bound. is a piece which utilises ready-made, recycled and found objects to construct a modern piece of sustainable furniture which maintains a raw connection to materiality. ~ The concept was inspired by my local mechanics storefront, which I’ll often walk past and see perfect mandrel bent exhaust pipes ready for purchase. As somebody who has tried to get large metal forms manufactured in the past, the regular availability of these chrome pieces in the window always grabbed my attention. The backrest of the chair is made by combining a mandrel bent exhaust, pre-expanded at the ends for joining, slotted onto two straight exhaust pipes. The seat legs are made from concreting rebar offcuts: this U-bar shape is commonly used for galvanised ladder treads embedded into the walls of stormwater drains. The binding and seat are woven from Danish cord, a type of twisted paper rope which gained popularity for Scandinavian furniture construction in the 1940s. The foot stoppers are constructed from hand-carved recycled cork. ~ My design aesthetic tends to focus on producing simple forms with minimal intervention which maintain interest through materiality and execution. The goal for this piece was to design something which could not only be built without the need for complex manufacturing, but also to design something without the use of technical fixing or power tools (welding, rivets, glues, etc.). this keeps the design process as approachable and accessible as possible. It also allows for a design devoid of plastic entirely, neither in parts not paints, keeping it 100% re-usable & recyclable as it can be readily disassembled into base components. Materials: Steel, Aluminium, Paper and Cork

Recursive Eames Armchair / MOUND x Alex Goss 

Our chair imprints the Eames silhouette upon the trash heap, symbolising the beginning and end of the design process. We are experimenting with re-mulched chipboard as material, and the landfill mound as a desirable form. Materials: Mulched Ikea Furniture, Resin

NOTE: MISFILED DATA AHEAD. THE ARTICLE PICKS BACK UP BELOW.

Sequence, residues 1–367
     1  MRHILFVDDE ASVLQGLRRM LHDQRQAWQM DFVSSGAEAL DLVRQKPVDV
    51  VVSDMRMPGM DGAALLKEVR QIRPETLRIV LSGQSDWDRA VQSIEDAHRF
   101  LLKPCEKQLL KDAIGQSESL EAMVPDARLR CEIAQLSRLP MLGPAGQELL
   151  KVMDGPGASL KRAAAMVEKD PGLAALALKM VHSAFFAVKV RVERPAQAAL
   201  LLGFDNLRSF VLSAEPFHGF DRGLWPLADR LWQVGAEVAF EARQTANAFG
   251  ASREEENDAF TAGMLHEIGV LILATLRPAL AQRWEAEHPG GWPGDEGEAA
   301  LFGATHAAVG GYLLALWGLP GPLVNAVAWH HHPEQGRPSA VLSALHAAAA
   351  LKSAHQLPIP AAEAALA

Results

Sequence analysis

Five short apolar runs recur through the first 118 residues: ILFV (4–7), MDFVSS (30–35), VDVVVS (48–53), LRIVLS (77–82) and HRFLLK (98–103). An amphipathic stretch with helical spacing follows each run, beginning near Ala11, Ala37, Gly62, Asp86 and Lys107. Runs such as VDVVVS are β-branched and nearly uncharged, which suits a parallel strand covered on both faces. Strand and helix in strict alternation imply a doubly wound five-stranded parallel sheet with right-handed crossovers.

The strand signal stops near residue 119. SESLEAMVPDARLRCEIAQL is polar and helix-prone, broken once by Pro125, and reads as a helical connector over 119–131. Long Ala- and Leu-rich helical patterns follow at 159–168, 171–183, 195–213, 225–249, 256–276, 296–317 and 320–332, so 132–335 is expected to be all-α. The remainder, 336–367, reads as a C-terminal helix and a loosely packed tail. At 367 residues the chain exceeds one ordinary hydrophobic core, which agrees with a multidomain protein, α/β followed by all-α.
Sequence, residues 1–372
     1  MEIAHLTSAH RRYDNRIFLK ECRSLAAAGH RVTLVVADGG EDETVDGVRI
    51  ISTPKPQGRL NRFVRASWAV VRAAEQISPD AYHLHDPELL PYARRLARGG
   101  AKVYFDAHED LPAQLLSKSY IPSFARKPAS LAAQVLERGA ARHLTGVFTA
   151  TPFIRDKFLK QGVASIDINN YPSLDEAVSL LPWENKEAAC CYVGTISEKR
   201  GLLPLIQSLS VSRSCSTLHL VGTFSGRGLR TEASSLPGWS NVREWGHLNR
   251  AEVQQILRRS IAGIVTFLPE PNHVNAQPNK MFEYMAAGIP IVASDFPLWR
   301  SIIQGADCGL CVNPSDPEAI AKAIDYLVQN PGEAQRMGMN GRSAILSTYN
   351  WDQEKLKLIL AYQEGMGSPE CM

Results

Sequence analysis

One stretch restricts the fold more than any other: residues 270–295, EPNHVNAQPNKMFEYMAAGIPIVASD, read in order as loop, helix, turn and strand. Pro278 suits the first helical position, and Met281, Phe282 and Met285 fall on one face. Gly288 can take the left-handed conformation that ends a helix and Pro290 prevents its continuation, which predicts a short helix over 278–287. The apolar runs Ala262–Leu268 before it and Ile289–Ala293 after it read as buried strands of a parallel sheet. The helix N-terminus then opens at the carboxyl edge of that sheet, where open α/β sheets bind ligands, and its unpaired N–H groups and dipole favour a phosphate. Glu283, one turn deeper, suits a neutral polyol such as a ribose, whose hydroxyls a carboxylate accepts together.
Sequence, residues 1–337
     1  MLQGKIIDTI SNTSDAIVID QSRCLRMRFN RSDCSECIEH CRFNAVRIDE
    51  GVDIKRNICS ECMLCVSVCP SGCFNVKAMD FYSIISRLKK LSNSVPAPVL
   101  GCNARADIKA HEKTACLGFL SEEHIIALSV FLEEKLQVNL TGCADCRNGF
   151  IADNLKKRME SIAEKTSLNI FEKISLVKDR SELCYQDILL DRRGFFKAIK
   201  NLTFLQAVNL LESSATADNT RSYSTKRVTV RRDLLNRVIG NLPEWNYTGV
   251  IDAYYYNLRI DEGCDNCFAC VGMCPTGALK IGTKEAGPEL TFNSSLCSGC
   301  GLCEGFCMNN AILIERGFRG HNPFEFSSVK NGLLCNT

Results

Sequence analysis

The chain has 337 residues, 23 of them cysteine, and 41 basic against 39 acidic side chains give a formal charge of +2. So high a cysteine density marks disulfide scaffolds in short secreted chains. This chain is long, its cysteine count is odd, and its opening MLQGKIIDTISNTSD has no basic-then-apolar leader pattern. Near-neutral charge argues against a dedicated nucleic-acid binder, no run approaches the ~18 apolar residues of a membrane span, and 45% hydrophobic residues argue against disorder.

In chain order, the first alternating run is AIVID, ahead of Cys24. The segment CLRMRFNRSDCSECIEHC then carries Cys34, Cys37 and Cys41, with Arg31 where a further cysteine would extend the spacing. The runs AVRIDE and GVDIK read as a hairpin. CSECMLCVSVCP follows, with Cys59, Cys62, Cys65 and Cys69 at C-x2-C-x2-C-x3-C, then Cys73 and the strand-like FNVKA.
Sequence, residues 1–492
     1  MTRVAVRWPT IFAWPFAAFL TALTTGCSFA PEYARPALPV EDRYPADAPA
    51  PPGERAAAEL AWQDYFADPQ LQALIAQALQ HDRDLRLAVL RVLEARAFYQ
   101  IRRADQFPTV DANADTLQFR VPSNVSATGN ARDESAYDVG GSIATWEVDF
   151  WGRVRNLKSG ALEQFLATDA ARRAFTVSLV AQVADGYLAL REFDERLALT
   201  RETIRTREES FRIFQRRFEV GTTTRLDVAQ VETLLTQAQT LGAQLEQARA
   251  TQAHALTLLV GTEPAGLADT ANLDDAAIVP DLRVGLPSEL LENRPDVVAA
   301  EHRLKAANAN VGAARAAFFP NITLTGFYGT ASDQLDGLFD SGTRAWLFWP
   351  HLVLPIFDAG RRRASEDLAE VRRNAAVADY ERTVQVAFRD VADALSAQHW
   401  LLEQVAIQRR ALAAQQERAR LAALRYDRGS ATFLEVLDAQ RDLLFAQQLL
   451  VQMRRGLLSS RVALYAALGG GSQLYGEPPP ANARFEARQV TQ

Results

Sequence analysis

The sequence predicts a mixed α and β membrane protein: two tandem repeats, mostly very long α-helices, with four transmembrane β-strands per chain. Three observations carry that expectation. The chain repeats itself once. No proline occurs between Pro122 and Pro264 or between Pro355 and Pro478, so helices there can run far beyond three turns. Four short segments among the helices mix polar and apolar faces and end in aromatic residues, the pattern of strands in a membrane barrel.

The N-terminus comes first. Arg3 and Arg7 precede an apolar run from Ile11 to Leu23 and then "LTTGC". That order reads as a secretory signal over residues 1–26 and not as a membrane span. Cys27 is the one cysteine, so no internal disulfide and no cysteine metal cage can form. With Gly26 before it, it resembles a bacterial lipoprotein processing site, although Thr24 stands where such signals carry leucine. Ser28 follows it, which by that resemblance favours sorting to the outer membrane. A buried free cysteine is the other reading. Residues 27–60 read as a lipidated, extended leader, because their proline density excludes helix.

Thistle  / Object Density

Ubiquitous, hardy, and often ignored, the thistle holds intricate beauty for those who look. Many design projects call for long consistent lengths of stock, limiting the possibility to repurpose, and reuse valuable resources. What happens to the odds and ends that are left? The offcuts, dead-stock and miss orders, waiting patiently in storage, lurking in scrap yards or collecting dust in a workshop bin. These materials were once highly sought after, and although that initial surge of potential has passed, still hold embodied energy, knowledge and process. Can we recontextualise and revalue before selling on to recycling yards? A process that does divert material from landfill, albeit with a steep energy expense. Through a process of scavenging, careful retreatment, and rebuilding, we seek to view aluminium T-slot extrusion in a new light. A typology designed for raw functionality that conceals such beauty within - we are allured by its cross section. We slice, tumble and re-collect, amassing a form with patterned iconography akin to ancient mosaics, yet with a lingering feeling that it may have been sent back from a dystopic superfuture. We are making now with the scraps of yesterday. This collection of aluminium offcuts were reclaimed from the scrap bin of an industrial production facility, and will be the extrusions’ last ditch hope at everlasting utility, in a form more beautiful than ever intended. This edition will be the first iteration of an ongoing series, with the intent to revalue that which has been left to the side. Materials: Aluminium, Steel fasteners